Echo, which was loosely inspired by Twitter and Foursquare, has a slogan which sums up the experience it provides: “What’s happening in the World?” When users open the app, it automatically detects which city they’re in and provides them with the most recent updates from Echo users in that city, enabling them to instantly get local news, discover events and interact with the people around them. Users can also share their own updates in 140 character messages.
“Echo provides a location-based messaging protocol,” said Donohue. “Whether users are in their hometown, in a new city, or at a concert we think there should be an easy way to engage in a conversation with people at the same location.”
Echo is a product of Echolocation, the entrepreneurial venture Donohue founded in 2011 with Rocky Chiu, a digital designer and recent graduate of Fairleigh Dickinson University. Donohue is the lead developer. Chiu is the creative director. They both contribute to countless other aspects of launching a successful business — from marketing to public relations to advertising to fundraising to business planning and much more.
Donohue, who earned his B.S. in Computer Science from Stevens, first envisioned Echo in his Stevens’ courses, when he was challenged to think at a high level about social networks, technology and society, privacy in a networked world, and the mobile experience. For his senior design project, he designed an iPhone application, and combined with the coding skills he has developed since the age of 12, he was ready to start building Echo.
“Stevens really taught me how to learn and keep on learning — a vital skill for any entrepreneur,” Donohue said.
The first version of Echo was launched in April 2012, but didn’t have the impact Donohue had hoped.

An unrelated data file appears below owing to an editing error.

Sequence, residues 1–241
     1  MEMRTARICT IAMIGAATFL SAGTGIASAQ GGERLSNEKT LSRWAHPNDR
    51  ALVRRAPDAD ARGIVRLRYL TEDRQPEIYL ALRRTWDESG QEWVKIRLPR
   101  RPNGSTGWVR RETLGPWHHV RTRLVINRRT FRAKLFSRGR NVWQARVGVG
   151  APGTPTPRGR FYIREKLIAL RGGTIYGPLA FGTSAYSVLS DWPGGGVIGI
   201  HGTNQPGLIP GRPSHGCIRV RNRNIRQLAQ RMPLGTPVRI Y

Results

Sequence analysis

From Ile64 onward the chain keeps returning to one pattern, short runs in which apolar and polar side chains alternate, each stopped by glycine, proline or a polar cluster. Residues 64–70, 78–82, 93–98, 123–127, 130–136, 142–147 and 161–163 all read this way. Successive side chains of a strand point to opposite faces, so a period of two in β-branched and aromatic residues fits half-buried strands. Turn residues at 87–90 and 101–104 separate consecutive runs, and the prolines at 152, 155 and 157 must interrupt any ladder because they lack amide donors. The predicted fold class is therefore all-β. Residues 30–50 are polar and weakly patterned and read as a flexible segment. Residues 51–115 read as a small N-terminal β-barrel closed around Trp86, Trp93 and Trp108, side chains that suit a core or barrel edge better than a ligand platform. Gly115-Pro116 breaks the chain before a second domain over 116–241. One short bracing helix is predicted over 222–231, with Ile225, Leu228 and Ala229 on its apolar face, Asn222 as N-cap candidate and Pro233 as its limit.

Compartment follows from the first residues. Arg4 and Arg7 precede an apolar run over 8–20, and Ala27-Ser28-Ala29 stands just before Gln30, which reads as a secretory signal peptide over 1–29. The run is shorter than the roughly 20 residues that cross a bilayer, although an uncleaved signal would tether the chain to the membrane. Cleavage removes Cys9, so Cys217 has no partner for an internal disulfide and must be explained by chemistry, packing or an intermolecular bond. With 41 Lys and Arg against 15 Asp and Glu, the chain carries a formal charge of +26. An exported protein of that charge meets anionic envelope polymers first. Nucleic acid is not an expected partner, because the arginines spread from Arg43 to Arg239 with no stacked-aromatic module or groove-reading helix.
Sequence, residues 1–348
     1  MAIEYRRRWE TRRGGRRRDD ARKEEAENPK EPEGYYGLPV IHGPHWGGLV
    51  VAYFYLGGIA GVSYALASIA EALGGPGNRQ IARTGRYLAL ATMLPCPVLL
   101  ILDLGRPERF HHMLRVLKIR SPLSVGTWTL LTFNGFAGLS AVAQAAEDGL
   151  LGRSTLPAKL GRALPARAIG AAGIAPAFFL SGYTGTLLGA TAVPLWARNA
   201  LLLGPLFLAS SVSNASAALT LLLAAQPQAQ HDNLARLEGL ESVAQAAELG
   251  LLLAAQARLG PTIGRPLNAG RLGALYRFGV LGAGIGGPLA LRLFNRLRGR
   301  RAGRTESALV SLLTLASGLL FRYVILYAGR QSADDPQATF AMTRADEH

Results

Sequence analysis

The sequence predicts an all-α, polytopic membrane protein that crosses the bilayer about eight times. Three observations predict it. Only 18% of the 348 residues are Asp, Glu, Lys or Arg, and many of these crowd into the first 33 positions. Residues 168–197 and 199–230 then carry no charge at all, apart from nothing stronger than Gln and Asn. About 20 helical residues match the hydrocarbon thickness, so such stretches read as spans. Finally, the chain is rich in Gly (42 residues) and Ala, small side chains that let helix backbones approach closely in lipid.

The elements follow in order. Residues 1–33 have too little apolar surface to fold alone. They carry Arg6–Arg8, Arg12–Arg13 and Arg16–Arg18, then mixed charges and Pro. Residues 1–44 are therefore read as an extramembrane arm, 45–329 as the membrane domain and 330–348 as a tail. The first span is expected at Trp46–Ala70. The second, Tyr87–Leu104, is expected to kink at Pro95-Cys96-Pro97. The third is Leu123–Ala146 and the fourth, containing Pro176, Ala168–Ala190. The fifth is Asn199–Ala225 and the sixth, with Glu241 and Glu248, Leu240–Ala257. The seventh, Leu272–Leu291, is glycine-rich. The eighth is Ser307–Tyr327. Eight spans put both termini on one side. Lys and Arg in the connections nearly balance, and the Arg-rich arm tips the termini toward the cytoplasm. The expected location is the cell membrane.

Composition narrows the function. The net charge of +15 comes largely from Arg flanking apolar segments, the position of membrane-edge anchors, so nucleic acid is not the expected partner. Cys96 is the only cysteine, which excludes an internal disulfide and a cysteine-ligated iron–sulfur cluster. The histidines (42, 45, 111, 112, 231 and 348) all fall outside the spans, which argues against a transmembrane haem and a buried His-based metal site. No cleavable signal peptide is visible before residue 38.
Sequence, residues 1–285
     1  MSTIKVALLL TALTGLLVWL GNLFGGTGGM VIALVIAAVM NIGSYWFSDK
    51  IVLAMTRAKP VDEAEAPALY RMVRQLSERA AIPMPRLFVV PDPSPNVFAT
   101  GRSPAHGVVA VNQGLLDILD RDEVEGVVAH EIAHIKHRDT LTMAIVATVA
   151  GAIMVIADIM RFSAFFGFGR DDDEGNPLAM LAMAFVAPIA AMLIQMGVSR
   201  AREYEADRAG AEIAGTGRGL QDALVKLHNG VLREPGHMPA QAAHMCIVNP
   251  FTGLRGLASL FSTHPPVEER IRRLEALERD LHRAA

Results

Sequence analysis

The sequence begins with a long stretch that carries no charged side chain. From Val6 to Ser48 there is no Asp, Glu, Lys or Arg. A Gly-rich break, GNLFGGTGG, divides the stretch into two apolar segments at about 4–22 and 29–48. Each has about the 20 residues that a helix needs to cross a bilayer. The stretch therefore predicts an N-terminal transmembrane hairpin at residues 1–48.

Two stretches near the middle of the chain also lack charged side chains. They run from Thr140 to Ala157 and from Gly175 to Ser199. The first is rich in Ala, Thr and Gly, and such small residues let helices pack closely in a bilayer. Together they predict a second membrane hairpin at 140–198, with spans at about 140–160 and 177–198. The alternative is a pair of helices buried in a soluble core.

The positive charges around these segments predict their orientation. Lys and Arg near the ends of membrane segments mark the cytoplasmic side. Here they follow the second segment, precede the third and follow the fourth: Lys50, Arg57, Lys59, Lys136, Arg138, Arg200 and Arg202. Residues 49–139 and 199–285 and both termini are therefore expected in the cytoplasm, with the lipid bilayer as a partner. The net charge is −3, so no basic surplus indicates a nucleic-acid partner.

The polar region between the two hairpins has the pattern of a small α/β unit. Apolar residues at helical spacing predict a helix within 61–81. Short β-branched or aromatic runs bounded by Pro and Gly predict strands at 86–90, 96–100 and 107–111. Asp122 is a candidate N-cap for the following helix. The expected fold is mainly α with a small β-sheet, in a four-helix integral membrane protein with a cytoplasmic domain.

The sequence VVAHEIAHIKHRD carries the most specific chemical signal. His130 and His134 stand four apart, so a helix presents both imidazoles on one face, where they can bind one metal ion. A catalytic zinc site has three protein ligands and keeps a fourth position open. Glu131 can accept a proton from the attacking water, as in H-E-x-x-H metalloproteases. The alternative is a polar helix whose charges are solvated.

“The first version connected people by specific location — like a single business,” Donohue said. “For example, 500 people at MetLife Stadium could connect with other people enjoying a Giants game along with them.”
However, the places function had limits. Cities did not.
“To achieve the scale and interaction we wanted, we eventually realized that the key was to move out of just places and into cities, where there are many more people to interact with and much more going on at one time,” Donohue said.
Since then, Donohue and Chiu have rethought the basic idea behind Echo, and spend countless hours tweaking and improving it. The new version of the Echo still allows users to drop down into a specific place, but they can also see activity at many cross sections of their location — i.e. Stevens Institute of Technology, Hoboken, Hudson County, New Jersey, the United States, North America, etc.
Donohue was assisted in his venture by technology incubators, investors and venture capitalists which provided office space, resources, mentoring, networking opportunities, legal and accounting guidance, and perhaps most important, approximately $120,000 in seed capital.
One of the most prominent supporters is TechLaunch, New Jersey’s technology accelerator, which counts Stevens faculty members and administrators as part of its official mentoring team. Echolocation was chosen to participate in TechLaunch’s competitive, 12-week LaunchPad program.
“TechLaunch was really big for us,” said Donohue. “It helped us achieve a proper product/market fit.”
Donohue said he has very high hopes for Echo.
“Our ambition is to provide a communication channel for locations all over the World,” he said.
Echo is now available for download at the iTunes App Store.